Provide Nutrition Education

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I myself have to be more on the healthy side. I had a heart attack in June, [my husband] had a heart attack in January, and I am diabetic. So in theory I’m supposed to really be watching what I am eating. – Food pantry client

 

Partner with your local Wisconsin Nutrition Education Program (WNEP)


The University of Wisconsin-Extension runs a SNAP-Ed funded nutrition education program targeting individuals and families with limited incomes in 68 Wisconsin counties. The goal of this program is to improve the likelihood that persons eligible for SNAP (known as FoodShare in Wisconsin) will make healthy food choices within their limited budgets and choose physically active lifestyles consistent with the current Dietary Guidelines for Americans. To learn more and discuss partnership opportunities contact your county UW-Extension Nutrition Education Coordinator.

Prompt People to Make Healthier Food Choices


Point of decision prompts (sometimes known as point of purchase prompts) have been shown to influence dietary behavior. Often posted as a sign or symbol next to a product, decision prompts provide a nudge to select one particular product over another. This strategy might also be effective in the food pantry setting.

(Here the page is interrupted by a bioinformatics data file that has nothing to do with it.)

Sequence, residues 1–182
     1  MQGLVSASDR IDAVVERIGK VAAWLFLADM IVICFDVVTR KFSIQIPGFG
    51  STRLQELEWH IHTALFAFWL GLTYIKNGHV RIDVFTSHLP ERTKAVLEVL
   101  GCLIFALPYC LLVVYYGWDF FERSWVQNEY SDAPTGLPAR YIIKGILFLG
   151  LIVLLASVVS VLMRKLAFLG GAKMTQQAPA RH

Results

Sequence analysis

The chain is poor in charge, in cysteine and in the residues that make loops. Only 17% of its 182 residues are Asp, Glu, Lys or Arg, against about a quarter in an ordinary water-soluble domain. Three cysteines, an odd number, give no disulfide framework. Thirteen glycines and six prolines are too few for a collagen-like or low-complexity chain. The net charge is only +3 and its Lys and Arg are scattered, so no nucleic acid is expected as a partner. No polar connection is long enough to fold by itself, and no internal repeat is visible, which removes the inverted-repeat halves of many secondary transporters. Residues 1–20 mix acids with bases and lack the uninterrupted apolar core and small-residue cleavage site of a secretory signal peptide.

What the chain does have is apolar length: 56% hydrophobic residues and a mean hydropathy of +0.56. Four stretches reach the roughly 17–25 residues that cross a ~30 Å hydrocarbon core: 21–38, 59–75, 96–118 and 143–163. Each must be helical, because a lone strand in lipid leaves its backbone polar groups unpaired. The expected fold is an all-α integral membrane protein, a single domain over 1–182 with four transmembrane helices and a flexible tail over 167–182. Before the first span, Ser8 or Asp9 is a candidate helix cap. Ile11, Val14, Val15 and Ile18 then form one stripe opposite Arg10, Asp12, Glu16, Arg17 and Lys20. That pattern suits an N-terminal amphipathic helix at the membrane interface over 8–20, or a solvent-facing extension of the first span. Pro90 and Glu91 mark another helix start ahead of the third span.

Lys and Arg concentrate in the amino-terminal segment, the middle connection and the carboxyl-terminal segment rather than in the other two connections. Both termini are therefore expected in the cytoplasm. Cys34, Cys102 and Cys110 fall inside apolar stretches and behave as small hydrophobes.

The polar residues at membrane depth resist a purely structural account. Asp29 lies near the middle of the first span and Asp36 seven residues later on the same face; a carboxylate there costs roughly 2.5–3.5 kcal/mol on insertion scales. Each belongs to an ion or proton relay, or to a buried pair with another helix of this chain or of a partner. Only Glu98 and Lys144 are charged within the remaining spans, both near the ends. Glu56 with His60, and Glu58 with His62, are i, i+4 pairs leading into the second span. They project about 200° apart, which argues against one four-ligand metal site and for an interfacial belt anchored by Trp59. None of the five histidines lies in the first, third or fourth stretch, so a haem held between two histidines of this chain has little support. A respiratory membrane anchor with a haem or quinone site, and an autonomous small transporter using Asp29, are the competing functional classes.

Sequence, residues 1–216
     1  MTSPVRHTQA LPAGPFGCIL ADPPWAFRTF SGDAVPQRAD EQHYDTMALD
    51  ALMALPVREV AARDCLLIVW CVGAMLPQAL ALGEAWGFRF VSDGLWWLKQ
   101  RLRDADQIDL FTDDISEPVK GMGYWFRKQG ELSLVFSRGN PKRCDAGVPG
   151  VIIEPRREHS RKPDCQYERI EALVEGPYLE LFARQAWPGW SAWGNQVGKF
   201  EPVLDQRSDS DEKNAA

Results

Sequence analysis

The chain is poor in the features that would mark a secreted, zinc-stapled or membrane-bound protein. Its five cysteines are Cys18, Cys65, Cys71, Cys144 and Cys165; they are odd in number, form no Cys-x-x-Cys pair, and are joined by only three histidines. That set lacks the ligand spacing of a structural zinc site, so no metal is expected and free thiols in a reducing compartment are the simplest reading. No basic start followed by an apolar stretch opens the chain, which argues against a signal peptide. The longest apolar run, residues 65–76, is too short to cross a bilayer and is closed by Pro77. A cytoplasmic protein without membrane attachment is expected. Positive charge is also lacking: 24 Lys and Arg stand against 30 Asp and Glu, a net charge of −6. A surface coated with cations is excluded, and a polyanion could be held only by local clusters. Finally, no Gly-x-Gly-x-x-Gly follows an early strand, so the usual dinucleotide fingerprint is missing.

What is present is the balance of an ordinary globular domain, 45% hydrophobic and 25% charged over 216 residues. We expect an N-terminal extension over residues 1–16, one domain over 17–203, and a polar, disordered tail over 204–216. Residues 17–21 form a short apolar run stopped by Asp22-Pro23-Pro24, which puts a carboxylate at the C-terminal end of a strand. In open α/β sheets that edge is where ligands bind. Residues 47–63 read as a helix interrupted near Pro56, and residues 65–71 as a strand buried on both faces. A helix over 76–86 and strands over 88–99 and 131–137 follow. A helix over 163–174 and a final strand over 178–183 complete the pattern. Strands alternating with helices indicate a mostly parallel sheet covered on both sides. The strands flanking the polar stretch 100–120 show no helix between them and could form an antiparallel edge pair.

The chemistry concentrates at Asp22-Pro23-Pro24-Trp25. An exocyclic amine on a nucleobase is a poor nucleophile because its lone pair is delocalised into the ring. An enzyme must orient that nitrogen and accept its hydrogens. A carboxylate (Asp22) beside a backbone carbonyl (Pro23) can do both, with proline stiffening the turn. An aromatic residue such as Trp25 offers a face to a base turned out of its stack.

Check with your local Public Health Department to see if any point of decision prompts have been implemented in your community’s grocery stores or restaurants. If so, you could build off of the criteria established for that program and utilize the same images and messages to reinforce branding.

Additional nutrition messaging can be achieved by placing posters and other educational materials around the food pantry. The USDA has developed consumer-messaging materials in both English and Spanish. Materials are available to download and print for free.

Tools_RedPoint of decision prompts

Support Clients While Shopping


Volunteers are regularly cited as an important factor in determining the success of a food pantry’s operation. Consider how you can use volunteers in new ways to provide support to clients as they make their food selections. Volunteers could be trained in the food pantry layout and distribution and accompany clients through their visit to provide support in making healthy choices. Combined with a client-shopping list that aligns with the DGA, volunteers can answer client questions about unfamiliar food products, provide ideas on safe storage and preparation, and encourage the selection of healthier products.

Offer Recipes alongside Food Distribution


Providing recipes is a great way to help ensure that clients select certain products (such as uncommon fruits, vegetables or dried beans). Whenever possible, it’s even better to prepare a sample recipe that clients can smell and taste. It is important to remember that not all recipes are created equal. Recipes provided at the food pantry containing a small number of common ingredients are easier to read and prepare.

Tools_RedSelecting recipes for use at food pantries